My submission to U.S. Trade Representative Robert E. Lighthizer documents that Canada has exploited the cultural industries exemption in the North American Free Trade Agreement for over twenty years.

The catalyst for the submission is Prime Minister Justin Trudeau's failure to initiate an investigation into evidence of long-term systemic corruption at the Canadian Radio-television and Telecommunications Commission in relation to a highly unorthodox scheme, one that 
has exploited millions of ordinary citizens and unjustly enriched corporations controlled by some of Canada's wealthiest families, including Rogers Communications Inc. and Shaw Communications Inc. 

At issue is a company subsidy scheme that started with the Cable Production Fund and which is currently embedded in the Canada Media Fund, 'a government-industry partnership'. The scheme is documented in One Media Law and Profiteering in the Name of Culture

The Document Archive on this website contains a number of documents related to the scheme, including copies of several documents formerly stored in CRTC file 1000-121. That CRTC file was destroyed in 2006 after my lawyer specifically identified its existence to politicians in relation to my allegations of corruption.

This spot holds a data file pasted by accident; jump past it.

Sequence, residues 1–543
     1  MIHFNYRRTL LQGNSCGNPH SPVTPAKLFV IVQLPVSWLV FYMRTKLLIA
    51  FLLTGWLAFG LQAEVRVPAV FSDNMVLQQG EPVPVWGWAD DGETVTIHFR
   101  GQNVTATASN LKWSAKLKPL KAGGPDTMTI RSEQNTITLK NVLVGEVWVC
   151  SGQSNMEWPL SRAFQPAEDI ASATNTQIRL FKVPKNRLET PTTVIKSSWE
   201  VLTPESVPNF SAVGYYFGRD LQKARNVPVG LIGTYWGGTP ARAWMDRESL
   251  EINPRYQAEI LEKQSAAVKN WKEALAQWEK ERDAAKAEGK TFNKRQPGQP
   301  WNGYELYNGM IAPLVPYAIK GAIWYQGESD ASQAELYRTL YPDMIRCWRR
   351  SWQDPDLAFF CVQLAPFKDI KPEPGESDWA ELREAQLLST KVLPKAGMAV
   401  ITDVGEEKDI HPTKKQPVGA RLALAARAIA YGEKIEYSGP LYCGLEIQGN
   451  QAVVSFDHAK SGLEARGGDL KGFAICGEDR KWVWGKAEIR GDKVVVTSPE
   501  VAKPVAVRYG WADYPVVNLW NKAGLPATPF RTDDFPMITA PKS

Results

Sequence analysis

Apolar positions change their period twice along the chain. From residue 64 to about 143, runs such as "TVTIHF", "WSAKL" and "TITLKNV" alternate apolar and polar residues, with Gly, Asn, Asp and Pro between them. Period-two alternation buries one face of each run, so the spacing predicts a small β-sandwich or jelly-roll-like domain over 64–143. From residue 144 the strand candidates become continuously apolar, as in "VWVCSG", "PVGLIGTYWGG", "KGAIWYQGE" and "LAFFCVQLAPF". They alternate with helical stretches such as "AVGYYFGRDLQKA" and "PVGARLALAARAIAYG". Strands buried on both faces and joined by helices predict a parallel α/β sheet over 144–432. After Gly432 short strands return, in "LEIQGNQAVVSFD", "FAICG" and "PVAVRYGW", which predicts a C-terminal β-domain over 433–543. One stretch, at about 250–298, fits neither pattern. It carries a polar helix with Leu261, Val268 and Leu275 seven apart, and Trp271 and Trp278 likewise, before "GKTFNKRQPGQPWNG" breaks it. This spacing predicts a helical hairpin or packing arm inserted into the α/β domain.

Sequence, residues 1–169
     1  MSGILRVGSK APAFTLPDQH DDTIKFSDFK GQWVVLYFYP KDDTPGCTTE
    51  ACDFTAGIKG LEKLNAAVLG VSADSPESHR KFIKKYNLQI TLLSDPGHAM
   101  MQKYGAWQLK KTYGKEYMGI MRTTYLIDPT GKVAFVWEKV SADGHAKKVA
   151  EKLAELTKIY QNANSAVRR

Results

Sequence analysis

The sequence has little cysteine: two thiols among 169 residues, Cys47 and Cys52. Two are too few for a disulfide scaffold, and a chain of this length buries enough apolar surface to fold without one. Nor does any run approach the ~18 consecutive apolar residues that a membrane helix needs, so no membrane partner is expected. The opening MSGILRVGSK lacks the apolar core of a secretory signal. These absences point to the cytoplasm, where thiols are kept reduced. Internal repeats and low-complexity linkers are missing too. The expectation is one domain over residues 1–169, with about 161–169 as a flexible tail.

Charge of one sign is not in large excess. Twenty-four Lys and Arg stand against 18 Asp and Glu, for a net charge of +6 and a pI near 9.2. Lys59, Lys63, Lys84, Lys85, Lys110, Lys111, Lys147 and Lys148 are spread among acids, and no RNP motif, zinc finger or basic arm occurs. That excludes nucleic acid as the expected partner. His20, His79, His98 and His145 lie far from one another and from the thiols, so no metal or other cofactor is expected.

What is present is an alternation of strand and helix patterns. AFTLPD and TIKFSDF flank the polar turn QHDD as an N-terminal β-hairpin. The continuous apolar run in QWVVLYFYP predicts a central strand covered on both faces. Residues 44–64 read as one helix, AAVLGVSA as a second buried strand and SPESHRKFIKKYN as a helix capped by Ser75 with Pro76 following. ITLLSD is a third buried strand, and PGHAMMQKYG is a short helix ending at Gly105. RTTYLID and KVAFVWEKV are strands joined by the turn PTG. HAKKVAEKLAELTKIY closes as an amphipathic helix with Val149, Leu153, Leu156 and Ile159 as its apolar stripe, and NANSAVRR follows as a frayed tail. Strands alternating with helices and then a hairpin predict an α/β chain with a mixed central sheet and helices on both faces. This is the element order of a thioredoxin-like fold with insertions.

A copy of an unpublished CRTC decision is one of the CRTC file 1000-121 documents available to review. In effect, the CRTC ruled that Parliament has granted it the authority to require Canadians to unjustly enrich and subsidize private corporations and these same citizens are not legally entitled to know that they are being required to unjustly enrich and subsidize the companies.   

This is not democracy. 

"[Mahar] fought with a passion against the cable companies and the CRTC for citizen/consumer rights - and his fervour cost him his career as well as his emotional and mental health. An activist David against the media Goliaths, he didn't have a chance against the all-powerful cable monopolies and their allies in Ottawa." - (Antonia Zerbisias, Toronto Star, 6 February 2007).

Maybe the media columnist's assessment was correct at that time. However, if the U.S. takes exception to Canada's unfair competition and trading practices, Canadians will finally be in a position to hold corporate executives, federal regulators and politicians to account.